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How to use milestones in IT project management

So, you’re looking to set milestones for your software development project. Maybe it’s your first time doing so, and you don’t know exactly how to approach the task. Or maybe you’ve tried, and it didn’t go as well as you expected, so you’re looking to improve your milestone-setting skills. You can go about optimizing this process in two ways. One way is learning by doing, which is great, but costly and time-consuming. Another way is to draw from experts’ experience and knowledge. In this article, we will use our years of experience in helping clients with planning and executing software development projects to answer the most common questions that come up when project managers start setting milestones. Let’s dive in!



How do I use project milestones in software development?

Setting milestones is an integral step in project planning, before starting the work. However, you can choose to add new milestones at any time – the list of milestones isn’t set in stone!

As we indicated in our previous guide, milestones are moments in time that you can use as markers to make sure your project is on track.

It’s a good idea to set the completion of key tasks (or groups of them) as milestones, especially if other tasks can’t be completed without first achieving the key task. You can use milestones as a signal that it’s time to move on to the next phase of the project.

Software development projects often follow a similar pattern of eight core milestones: requirements gathering, requirements validation, completion of predevelopment planning, implementation, completion of quality assurance testing, completion of user acceptance testing, deployment, and then some milestones related to post-launch support.

As you can see, these represent moments in time, and it’s not possible to achieve one without first reaching the previous milestone.

Most of the time, project milestones will be closely tied to the project schedule, meaning that at the planning stage, the milestones can give you a frame of reference for the project timeline. During execution, track whether your milestones are reached at the designated time to help discover potential delays and bottlenecks early on.

We believe in milestone setting so much that not only do we apply this method when developing apps for our clients, but we also make this an integral part of the software we deliver.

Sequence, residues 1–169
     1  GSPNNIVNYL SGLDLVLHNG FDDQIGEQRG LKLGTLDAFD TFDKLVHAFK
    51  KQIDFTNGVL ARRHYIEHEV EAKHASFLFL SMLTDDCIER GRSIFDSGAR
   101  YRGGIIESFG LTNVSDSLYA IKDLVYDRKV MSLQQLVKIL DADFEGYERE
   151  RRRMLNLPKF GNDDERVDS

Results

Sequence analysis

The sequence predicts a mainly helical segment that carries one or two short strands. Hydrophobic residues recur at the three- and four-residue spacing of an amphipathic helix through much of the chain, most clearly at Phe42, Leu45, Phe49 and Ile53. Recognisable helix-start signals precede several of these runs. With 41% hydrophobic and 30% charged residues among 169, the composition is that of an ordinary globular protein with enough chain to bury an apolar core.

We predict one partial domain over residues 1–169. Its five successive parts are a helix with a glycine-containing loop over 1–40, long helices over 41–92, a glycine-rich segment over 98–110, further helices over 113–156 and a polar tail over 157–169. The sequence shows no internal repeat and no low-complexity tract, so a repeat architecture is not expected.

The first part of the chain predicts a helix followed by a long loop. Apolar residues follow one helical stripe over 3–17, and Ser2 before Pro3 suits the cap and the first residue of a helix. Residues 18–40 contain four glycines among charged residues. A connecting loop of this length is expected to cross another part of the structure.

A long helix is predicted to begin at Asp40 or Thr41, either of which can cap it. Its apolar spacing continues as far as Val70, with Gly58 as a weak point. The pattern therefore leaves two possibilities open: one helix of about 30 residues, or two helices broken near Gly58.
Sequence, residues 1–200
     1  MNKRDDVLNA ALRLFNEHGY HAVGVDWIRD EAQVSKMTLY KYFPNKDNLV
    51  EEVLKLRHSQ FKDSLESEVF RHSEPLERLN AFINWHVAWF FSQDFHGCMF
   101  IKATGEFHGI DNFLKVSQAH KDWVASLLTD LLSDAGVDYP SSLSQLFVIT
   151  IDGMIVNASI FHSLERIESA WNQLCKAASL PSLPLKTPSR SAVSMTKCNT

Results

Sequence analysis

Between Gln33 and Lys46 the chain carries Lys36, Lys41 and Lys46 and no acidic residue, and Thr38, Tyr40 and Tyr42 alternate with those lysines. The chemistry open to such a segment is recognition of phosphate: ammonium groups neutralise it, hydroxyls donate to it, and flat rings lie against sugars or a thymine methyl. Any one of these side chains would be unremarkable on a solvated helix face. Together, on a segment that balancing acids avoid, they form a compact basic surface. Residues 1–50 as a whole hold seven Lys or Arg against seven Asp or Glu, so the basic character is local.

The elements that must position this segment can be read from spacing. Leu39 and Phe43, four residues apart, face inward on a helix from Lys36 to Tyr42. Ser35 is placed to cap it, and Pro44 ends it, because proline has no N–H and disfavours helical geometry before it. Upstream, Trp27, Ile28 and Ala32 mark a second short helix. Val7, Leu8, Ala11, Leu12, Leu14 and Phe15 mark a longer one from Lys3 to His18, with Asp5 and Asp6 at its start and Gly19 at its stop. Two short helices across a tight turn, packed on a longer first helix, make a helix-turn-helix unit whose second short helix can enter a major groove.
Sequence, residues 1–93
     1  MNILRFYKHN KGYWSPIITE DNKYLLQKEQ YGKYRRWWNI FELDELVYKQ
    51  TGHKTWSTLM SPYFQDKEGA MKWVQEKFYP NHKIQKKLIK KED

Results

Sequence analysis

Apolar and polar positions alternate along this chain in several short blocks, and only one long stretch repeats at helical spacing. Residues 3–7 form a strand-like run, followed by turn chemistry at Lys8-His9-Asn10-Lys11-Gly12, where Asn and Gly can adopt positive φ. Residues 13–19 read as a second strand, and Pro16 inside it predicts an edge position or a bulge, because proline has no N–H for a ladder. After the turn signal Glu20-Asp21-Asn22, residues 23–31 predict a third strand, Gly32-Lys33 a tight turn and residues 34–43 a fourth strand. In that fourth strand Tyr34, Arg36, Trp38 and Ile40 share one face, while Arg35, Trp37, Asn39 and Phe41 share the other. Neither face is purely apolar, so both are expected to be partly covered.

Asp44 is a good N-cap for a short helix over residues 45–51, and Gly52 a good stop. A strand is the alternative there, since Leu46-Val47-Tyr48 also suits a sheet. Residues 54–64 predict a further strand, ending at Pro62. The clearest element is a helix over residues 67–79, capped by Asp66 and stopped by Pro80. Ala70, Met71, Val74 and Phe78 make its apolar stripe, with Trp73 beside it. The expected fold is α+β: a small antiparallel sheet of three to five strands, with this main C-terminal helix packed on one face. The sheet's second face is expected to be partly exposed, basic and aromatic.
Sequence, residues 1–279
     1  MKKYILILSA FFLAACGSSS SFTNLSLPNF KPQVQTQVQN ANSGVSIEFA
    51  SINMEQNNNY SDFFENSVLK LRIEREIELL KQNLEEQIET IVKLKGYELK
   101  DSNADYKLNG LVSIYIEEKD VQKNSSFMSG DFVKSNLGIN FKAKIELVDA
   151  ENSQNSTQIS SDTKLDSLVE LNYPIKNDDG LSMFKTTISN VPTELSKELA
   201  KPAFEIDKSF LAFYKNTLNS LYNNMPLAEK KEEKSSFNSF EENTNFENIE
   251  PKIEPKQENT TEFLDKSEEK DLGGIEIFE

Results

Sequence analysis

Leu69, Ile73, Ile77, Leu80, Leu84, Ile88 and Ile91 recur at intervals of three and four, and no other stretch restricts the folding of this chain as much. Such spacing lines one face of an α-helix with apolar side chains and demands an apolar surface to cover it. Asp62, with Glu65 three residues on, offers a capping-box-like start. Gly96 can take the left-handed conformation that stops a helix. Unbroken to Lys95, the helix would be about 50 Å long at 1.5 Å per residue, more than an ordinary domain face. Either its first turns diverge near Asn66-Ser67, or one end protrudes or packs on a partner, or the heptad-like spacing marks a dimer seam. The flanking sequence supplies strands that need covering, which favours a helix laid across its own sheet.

When helping develop Green Planner, we started by setting project milestones, which helped us ensure that throughout the project’s duration, we were on track to the ultimate goal. In the end, we developed an internal production management system, where planners can get useful insights into the progress of their projects with clearly visualized milestones, all on a convenient and user-friendly dashboard.

How many milestones should I set?

There’s no one-size-fits-all formula for the number of milestones in a project. Some projects will have just two or three, while others will have a dozen or more.

The answer to this question will depend on the nature and complexity of your project.

If you’d like to estimate the number of milestones you should have in your project, look at the key tasks and phases of your project. You can tie the milestones to the completion of these if you so choose.

Just remember: Milestones are moments in time, and reaching them means you’re at a very important point on the timeline, so set them accordingly.

Should I assign dates to milestones?

Assigning a target date for milestones is very important. These are often tied to the deadlines for key tasks, so they help you determine whether you’re on target timewise or facing a delay.

As pivotal moments on the project timeline, they give your team an insight into the progress you’ve made, which can help you plan your next steps accordingly.

This can also help you plan your resources better. For example, if you’re hiring developers as a Team Extension to help you complete certain parts of the work (and reach certain milestones), you can contract them for the duration of the task, using the target date for the milestone as the contract end date.

How do I visualize milestones?

Milestones can look different depending on the way you track your project’s progress. Some software solutions will come with ready-made, automatic visualizations.

Probably the easiest way is via a Kanban board – but keep in mind that in this method, the items on the board are tasks, not milestones. However, completion of a key task may very well constitute a milestone, in which case moving the task into the “Done” column will mean reaching the milestone.